A Good Person
Florence Pugh strengthens the pedigree of her critically and commercially lauded young career with another gutsy, powerhouse performance, opposite a crowd-pleasing turn by Morgan Freeman, in Zach Braff’s flawed look into addiction and grief.
Pugh’s Allison is on the verge of a fairytale marriage with her fiancé, Nathan (Chinaza Uche), until an unforeseeable tragedy pulls them apart, leaving her physically and psychologically broken. A year down the line, Allison has yet to piece the fragments back together. Instead, she languishes in her mother’s home, refusing to acknowledge her continued dependence on prescribed painkillers. Meanwhile, Allison’s would-be father-in-law, Daniel (Freeman), a hardened ex-police officer and Vietnam war veteran, struggles to maintain his hard-fought-for sobriety in the aftermath of the tragedy, and, beginning to buckle under the strain of taking care of his orphaned grandchild, Ryan (Celeste O’Connor), resumes his attendance at alcoholics anonymous. In a contrived, yet permissible, plot point, Allison coincidentally joins the same meeting to begin tackling her own addiction. Subsequently, the two begin an unlikely, odd-couple friendship, and the film itself begins to take the shape of a meditation on suffering.
It’s a smooth, if perfunctory, journey with the two characters that trades heavily on the pairing of two stars at opposite ends of their respective careers. Freeman always gives the impression that he doesn’t need to shift out of third gear to deliver his no-nonsense zingers, while his familiarity makes him easy to root for. Pugh, on the other hand, leaves everything on the screen, bringing to it her brand of adroit, Brando-esque naturalism that will win her an Academy Award at some juncture.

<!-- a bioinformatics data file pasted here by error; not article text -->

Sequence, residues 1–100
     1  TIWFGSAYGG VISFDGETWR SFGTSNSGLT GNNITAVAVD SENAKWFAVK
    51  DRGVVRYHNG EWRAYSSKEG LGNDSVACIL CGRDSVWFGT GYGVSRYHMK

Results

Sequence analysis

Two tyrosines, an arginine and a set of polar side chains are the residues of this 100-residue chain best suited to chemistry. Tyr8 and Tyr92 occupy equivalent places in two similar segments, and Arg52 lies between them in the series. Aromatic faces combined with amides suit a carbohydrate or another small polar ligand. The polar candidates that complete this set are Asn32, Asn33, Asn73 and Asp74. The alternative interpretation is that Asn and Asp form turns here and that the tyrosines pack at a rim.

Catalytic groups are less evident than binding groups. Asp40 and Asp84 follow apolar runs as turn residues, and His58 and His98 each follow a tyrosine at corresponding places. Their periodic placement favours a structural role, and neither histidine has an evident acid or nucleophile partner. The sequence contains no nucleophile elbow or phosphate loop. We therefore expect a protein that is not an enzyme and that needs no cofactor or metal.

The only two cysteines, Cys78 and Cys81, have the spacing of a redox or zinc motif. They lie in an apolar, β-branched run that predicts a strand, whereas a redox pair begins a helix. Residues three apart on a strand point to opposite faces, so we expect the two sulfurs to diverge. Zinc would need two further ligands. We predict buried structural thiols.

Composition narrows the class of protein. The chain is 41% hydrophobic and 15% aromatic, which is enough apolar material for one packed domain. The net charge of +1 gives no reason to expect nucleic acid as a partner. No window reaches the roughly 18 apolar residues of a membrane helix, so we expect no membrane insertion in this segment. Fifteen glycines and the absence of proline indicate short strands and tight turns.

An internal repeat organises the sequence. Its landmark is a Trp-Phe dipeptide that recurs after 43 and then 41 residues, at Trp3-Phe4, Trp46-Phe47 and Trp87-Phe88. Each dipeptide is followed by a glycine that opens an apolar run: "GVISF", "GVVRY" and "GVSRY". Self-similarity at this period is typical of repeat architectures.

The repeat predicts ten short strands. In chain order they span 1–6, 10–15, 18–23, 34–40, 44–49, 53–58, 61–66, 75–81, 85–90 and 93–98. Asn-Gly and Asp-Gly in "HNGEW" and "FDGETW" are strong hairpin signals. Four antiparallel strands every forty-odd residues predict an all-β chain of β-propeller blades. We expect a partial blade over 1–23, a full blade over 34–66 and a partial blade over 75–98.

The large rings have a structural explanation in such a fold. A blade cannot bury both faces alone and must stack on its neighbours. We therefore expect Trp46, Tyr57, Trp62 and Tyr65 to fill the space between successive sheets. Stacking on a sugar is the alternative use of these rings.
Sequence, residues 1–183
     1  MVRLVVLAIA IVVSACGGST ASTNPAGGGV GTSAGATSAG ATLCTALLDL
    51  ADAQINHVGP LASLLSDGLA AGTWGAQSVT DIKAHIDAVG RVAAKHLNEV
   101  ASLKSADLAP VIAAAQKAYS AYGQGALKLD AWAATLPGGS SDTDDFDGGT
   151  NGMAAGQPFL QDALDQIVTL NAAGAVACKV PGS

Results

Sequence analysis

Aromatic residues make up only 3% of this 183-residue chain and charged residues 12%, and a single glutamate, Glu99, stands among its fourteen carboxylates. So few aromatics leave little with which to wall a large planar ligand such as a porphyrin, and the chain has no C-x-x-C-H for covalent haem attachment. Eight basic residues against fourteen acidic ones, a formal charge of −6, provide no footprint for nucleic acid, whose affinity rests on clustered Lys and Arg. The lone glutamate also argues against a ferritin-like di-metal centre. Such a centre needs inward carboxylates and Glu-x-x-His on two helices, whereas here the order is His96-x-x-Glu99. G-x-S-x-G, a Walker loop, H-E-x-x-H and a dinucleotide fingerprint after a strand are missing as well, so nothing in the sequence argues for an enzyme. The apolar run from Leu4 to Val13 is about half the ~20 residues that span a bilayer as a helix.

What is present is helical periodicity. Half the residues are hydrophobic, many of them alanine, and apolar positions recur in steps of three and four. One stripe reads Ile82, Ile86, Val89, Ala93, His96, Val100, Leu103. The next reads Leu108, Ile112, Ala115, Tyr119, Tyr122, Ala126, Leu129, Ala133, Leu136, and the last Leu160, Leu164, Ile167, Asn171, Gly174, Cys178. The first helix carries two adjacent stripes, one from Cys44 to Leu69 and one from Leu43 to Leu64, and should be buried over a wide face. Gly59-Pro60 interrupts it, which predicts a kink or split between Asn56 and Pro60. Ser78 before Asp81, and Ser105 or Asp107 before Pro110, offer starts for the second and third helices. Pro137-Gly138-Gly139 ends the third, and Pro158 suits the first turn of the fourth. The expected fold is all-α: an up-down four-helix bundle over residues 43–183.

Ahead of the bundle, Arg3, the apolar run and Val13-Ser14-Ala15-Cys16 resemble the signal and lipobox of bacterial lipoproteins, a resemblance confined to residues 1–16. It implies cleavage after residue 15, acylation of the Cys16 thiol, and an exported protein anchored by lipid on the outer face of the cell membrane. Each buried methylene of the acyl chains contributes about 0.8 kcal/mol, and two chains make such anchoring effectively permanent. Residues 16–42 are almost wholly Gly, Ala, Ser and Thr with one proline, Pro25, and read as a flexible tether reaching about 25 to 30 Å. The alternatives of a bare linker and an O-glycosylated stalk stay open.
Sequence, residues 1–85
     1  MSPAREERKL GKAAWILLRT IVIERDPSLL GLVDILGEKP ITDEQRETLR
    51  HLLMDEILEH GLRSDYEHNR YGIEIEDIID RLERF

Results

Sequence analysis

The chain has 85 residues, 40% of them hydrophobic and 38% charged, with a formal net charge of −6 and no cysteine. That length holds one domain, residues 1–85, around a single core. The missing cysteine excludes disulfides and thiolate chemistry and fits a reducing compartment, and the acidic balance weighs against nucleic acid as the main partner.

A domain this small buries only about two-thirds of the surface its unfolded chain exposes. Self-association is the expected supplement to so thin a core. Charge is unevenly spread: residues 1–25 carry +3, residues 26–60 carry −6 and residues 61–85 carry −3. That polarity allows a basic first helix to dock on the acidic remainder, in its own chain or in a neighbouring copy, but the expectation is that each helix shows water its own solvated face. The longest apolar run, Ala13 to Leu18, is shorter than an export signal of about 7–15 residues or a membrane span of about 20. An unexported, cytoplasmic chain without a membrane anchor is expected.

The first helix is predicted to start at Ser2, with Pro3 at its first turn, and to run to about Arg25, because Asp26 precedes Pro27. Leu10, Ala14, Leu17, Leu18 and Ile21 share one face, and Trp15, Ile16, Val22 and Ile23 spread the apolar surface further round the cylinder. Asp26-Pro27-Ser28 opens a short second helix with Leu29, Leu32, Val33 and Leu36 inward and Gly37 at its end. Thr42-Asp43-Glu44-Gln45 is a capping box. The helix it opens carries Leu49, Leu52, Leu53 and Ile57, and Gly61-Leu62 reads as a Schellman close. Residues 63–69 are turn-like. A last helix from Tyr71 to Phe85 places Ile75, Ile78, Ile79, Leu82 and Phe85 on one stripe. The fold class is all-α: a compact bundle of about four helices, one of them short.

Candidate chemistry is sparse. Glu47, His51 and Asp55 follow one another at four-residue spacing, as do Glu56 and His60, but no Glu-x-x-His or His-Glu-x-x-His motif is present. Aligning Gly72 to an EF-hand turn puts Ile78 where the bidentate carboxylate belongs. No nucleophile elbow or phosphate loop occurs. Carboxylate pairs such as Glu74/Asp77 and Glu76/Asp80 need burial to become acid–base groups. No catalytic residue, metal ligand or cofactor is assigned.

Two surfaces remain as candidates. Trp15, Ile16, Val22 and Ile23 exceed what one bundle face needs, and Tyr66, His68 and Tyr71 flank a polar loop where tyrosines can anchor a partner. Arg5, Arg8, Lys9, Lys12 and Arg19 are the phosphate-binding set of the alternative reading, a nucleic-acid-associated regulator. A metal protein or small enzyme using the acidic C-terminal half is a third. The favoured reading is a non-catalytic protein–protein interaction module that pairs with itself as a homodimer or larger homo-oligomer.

Beyond this, Braff’s screenplay offers little in the way of piercing observation. A somewhat clumsy attempt to imbue the film with a deeper wisdom than it truly achieves is made through the device of Daniel’s obsession with model villages. We are told, abruptly and with an absence of delicacy, that this hobby represents an unattainable desire for control over the frenzied fragments of his life, a grand total of three times. Either Braff doesn’t trust the insightfulness of his own screenplay, or the intelligence of his audience, or perhaps both.
There are, however, moments of compassionate contemplation that work fairly well, in which the broken pieces are laid out on the table for its characters to shrug at with tenderness and a trace of the kind of humour that creaks out in such moments of hopelessness. A Good Person works best when it resigns itself to its lack of intricacy, rather than straining for impact as it does in its misguided final act.
A Good Person is released nationwide on 24th March 2023.
Watch the trailer for A Good Person here: